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Intel, partners to spend US$10 billion on Itanium

Intel, partners to spend US$10 billion on Itanium

Intel and partners will spend $10 billion on Itanium development and marketing between now and 2010.

Intel and a group of industry partners have pledged to invest another US$10 billion over the next five years to help develop and promote products based on the Itanium processor. Though short on details, the announcement shows that neither Intel nor its partners plan to give up on Itanium any time soon

The US$10 billion investment will be made between through 2010 and will come from a variety of computer vendors, including Bull, Fujitsu, Hitachi Data Systems, Hewlett-Packard, NEC, Silicon Graphics, and Unisys.

The money will be spent on research and development, sales and marketing, and supporting software vendors as they port applications to Itanium, the companies said in a statement. Some unspecified percentage of this money will go to the Itanium Solutions Alliance, an organization launched in September 2005 to promote the Itanium architecture.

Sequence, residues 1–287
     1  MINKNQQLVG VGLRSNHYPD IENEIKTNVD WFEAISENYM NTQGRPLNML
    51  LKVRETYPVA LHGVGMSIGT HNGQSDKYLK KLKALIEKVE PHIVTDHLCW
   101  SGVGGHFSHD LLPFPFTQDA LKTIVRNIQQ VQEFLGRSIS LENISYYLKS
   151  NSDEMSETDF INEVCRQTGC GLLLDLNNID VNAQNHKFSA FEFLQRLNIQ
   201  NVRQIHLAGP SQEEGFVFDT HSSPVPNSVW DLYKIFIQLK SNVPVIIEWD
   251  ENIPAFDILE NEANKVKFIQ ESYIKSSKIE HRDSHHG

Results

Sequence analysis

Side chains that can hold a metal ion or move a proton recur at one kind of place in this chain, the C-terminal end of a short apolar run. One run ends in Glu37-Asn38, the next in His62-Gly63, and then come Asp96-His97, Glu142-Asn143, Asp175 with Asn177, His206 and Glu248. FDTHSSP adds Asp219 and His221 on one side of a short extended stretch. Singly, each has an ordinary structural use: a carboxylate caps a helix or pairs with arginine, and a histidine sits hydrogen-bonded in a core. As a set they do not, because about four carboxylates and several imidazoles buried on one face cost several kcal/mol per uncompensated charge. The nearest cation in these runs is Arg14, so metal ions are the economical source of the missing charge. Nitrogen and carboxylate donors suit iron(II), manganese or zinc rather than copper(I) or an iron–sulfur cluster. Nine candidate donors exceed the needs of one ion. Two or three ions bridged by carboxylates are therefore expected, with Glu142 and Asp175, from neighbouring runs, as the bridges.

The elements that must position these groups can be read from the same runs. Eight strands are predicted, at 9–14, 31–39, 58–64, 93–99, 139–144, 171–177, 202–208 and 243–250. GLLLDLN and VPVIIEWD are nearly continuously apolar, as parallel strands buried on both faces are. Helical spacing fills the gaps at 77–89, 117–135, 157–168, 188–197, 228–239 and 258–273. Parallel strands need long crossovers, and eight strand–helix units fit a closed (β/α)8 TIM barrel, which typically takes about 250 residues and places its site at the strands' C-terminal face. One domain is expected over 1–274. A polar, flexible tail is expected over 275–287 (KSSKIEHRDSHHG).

The announcement was made Thursday at an Itanium Solutions Alliance strategy meeting, held in San Francisco.

Executives participating in the announcement could not say whether this represented an increase in the expected overall investment in Itanium. They characterized the news as another move to show customers that the platform continued to gain widespread support.

"By bringing these allies together, there is truly more of a global, end-to-end offering," said Thomas Kilroy, vice president and general manager of Intel's Digital Enterprise Group.

Itanium can use all the help it can get. Nearly five years after the first Itanium systems were introduced, servers based on the processor account for less than 1 percent of the market, when measured by units shipped, according to research firm Gartner.

One Itanium user said that the Itanium Alliance had already made the platform more appealing by helping him gain access to things like better compilers. "Technology is completely useless unless you have a social network that it is supporting," said John Graham, chief scientist with San Diego State University. "We know that there's going to be life in this product, and we know that there are going to be deals that we can get from the partner programs."

Graham welcomed the latest US$10 billion investment. "I hope I get some," he said.


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